MEET YOUTUBE STAR JIM CHAPMAN WITH HIS SISTERS SAM AND NIC
From shy, anxious teen to top vlogger and now author, JIM CHAPMAN attributes his success to the fabulous women in his life – from his mum to his wife, beauty vlogger Tanya Burr, and sisters, Pixiwoo’s Sam and Nic
In the past month, I have published my first book, tried my hand at designing clothes, travelled the length and breadth of England, nipped to New York and been announced as the new face of Hugo Boss’s watches. I’m totally aware of how bonkers that sounds and I’m not saying it to blow my own trumpet. In fact, I truly believe that a lot of the credit should be attributed to the women in my life who are, quite frankly, total badasses.
Eight years ago, when I graduated from the University of East Anglia with a degree in psychology, I was shy, had no idea what I wanted to do and was worried about the future. It was my mum, Judy, my big sisters, Sam and Nic, and my now wife, Tanya, who led by example and who really showed me what was possible.
I grew up in Norfolk. Until I was eight years old, I lived in a tiny hamlet called Wilby that consisted of about four houses and a horse on a green. From there I moved to Attleborough, which suffers from ‘small-town syndrome’ (once you leave, you are not welcome back). As it happens, I don’t think I’ve been back since I moved to Norwich when I was 15, after my mum met my stepdad and they pooled their resources to buy a house. My sisters Nic and Sam, being seven and ten years older than me, were out of the family home by then, but they never went far. (Tanya and I live in London now, but the rest of my family – I also have a twin brother, John – are within a two-mile radius of each other in Norwich.) Sam recalls changing my nappies and doing all the baby stuff – it’s hardly surprising that she is super protective of me.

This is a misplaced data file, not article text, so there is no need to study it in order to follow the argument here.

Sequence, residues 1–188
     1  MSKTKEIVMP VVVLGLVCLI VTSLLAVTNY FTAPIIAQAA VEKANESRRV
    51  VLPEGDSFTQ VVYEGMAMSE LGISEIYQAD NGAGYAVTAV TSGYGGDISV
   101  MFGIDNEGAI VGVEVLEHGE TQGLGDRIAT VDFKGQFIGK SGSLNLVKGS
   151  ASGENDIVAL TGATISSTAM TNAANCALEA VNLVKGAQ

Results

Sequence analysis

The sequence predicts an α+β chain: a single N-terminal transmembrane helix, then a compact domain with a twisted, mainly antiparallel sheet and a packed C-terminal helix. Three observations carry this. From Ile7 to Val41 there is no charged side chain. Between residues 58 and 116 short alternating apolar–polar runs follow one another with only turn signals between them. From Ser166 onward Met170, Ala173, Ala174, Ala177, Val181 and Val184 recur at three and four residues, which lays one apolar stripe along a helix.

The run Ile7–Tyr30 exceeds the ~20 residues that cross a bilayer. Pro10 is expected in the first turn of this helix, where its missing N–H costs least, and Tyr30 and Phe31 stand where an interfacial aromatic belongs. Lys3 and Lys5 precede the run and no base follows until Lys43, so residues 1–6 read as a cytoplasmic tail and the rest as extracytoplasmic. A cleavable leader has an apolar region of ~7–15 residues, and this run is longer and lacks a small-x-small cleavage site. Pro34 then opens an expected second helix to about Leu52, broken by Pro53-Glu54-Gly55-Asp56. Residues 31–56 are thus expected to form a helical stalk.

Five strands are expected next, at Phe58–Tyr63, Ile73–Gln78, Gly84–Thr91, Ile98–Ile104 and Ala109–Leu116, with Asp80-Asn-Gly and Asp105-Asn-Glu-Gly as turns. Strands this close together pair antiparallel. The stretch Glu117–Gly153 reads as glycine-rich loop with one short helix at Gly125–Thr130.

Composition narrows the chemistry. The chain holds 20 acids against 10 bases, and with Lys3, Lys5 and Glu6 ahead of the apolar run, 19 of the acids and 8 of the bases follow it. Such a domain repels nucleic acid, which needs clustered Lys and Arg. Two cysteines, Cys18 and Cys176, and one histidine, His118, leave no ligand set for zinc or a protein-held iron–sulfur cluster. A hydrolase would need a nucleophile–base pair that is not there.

The person who has undoubtedly had the biggest impact on me is my mum. She is my hero and deserves an MBE, a Nobel Peace Prize or an evening with Marti Pellow from Wet Wet Wet (she’s had a crush on him for as long as I can remember). She raised me and my siblings single-handedly while being physically abused by my late father. Growing up, there were constant arguments and times when my dad would threaten to crash the car with us all inside but I didn’t know then that wasn’t normal and mum was very good at hiding what happened when we weren’t present.
When I was little I was a real daddy’s boy and remember relishing the time I spent with him when he was in a good mood. We’d play football and read magazines that came with a glow-in-the- dark T rex. Despite all the things he inflicted on her, Mum never spoke badly of Dad to me. She gave me enough credit to come to my own decision about him, in my own time.
At that age, the realisation that your home life is less than ideal doesn’t come easy. If it’s all you have ever experienced, how do you know it’s wrong? It’s easy to say, ‘Why didn’t she